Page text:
State releases Elba school audit findings
Sep 6, 2018
ELBA — Taxpayers in the Elba Central School District might have saved a few hundred thousand dollars, the state says, if the school board used money from its reserve funds toward paying expenses and if it had kept the tax levy at 2013-14 levels.
The comptroller’s office Wednesday released findings from an audit of the Elba district. In its response to the audit, which covered the period from July 1, 2014, to Jan. 22, 2018, Elba said it agreed with most of the state’s findings. The state noted Elba’s fund balance was higher than the 4 percent limit allowed by statue in 2014-15 and 2015-16. Comptroller Thomas DiNapoli’s office said the school district should be using surplus money to pay one-time expenses, fund needed reserves, pay off debt and reduce property taxes.
As part of its response, the Elba district acknowledged that its fund balance was higher than the 4 percent statutory limit. It also felt, however, that intentionally taking money from its fund balance is poor practice.
“There’s really nothing in the report that took us by surprise,” Elba Superintendent Keith Palmer said Wednesday. He noted other districts received audits with the state making the same comments on their reserve funds.
“They’re pretty much same thing, overfunded reserves and overestimated expenditures,” Palmer said.
“This audit covers a certain amount of time period that doesn’t give the complete picture. About 3.5 years ago, we had a tremendous amount of cuts. If we had the money, we would be (bringing) back some of those positions ...” the superintendent said. “This report basically says we’ve got too much money. You’ve got too much in reserve. We’d much rather be accused of having too much money than not enough. When your expenditures exceed your revenues, than you’re in real trouble.”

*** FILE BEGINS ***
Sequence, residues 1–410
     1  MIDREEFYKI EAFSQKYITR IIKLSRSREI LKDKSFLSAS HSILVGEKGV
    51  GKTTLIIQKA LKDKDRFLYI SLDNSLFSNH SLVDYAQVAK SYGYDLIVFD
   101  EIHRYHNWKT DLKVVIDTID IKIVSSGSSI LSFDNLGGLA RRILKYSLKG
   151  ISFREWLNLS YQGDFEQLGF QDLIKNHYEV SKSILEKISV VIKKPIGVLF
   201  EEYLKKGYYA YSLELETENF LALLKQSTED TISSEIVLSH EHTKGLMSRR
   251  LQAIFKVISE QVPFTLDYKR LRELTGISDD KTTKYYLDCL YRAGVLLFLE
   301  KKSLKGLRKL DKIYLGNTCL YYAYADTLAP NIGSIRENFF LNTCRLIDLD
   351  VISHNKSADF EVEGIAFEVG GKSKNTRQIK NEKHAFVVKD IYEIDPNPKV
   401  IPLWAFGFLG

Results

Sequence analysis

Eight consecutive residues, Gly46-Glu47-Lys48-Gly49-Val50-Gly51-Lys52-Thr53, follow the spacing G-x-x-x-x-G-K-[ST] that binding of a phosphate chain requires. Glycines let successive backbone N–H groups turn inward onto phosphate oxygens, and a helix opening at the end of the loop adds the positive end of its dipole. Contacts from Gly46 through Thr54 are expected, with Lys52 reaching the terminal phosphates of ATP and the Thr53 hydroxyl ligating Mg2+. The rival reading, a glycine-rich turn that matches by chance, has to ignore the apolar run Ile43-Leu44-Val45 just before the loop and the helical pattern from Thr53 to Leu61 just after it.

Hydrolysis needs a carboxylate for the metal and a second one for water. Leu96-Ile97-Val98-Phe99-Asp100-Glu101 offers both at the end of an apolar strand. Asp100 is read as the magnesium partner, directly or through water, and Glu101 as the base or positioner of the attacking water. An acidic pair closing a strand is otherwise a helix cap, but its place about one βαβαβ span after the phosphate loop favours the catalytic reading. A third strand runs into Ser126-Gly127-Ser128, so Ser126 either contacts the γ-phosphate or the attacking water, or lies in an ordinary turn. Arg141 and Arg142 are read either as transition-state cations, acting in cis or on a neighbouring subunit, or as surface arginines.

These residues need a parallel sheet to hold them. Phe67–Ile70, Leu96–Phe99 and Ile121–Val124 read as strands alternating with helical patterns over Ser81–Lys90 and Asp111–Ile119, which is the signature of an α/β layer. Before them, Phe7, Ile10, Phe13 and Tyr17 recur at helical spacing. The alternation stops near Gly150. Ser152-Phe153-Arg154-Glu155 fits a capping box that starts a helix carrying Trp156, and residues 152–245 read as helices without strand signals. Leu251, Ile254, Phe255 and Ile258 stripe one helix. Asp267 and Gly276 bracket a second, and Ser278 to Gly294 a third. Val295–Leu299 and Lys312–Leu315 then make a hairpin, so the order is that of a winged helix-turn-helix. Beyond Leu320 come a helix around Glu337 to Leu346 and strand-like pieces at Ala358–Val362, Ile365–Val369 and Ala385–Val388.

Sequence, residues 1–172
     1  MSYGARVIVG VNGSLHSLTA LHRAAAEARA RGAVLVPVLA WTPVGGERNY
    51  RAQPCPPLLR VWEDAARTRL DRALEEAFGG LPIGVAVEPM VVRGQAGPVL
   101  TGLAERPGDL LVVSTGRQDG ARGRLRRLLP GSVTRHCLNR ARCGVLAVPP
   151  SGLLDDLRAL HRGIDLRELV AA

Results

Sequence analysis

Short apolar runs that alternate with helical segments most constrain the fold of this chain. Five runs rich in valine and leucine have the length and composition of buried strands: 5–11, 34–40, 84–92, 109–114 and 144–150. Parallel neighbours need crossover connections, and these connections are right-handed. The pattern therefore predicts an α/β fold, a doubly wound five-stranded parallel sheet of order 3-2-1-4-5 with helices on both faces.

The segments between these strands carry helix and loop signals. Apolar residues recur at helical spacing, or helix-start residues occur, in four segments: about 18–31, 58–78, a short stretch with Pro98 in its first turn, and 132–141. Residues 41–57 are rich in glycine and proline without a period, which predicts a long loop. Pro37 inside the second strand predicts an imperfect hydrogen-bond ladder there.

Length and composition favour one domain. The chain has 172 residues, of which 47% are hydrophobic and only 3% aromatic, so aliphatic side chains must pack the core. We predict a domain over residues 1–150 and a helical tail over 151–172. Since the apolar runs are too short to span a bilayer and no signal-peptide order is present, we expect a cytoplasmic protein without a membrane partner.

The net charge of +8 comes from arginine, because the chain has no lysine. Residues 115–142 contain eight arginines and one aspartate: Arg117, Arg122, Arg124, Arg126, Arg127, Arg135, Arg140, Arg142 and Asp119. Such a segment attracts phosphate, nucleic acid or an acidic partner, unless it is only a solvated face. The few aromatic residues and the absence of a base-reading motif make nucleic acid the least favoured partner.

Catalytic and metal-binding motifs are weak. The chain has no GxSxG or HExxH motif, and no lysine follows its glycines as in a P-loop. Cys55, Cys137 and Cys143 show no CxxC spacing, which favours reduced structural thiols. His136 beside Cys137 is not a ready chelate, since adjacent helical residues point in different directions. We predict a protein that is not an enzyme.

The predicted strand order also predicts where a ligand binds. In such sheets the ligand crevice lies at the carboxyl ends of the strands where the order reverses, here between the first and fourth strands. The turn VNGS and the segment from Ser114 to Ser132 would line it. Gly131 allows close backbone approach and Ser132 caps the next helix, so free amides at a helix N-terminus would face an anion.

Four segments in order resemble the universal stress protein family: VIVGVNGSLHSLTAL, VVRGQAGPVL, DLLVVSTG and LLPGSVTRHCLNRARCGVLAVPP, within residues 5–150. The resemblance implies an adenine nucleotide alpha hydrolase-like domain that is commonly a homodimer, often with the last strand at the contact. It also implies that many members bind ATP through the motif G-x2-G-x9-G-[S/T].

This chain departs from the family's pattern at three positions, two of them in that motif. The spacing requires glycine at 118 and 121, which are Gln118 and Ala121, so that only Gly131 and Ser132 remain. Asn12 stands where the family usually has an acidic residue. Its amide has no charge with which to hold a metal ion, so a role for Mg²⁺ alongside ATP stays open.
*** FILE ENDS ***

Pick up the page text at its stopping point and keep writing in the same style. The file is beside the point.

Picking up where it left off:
Palmer said the Elba Central School District has kept under the state’s tax cap.
“Even our financial consultant tells you you have to be careful. If you draw down too much on your fund balance, you could be affecting your credit rating,” Palmer said. “I understand where the state’s coming from, but I also understand we want to be responsible with our budget (and) we want to be responsible with preparing for our future.”
The district chose to slowly bring back people it let go during staff cuts at that time - “to be bring them back slowly instead of all at once to make sure we don’t get in the same situation again,” Palmer said. The superintendent noted that not too long ago, Elba and other districts were dealing with gap elimination adjustment costs from the state.
“I think we’re moving in the right direction and I feel like we’ve done a nice job,” he said.
Elba is currently doing its homework on a proposed capital project of between $5 million and $7 million.
“Right now the board is reviewing the identified needs for proposed renovation, Palmer said. He said it would be nice to have a public vote on a proposal before the end of the year. Further details on the project were not available as of Wednesday.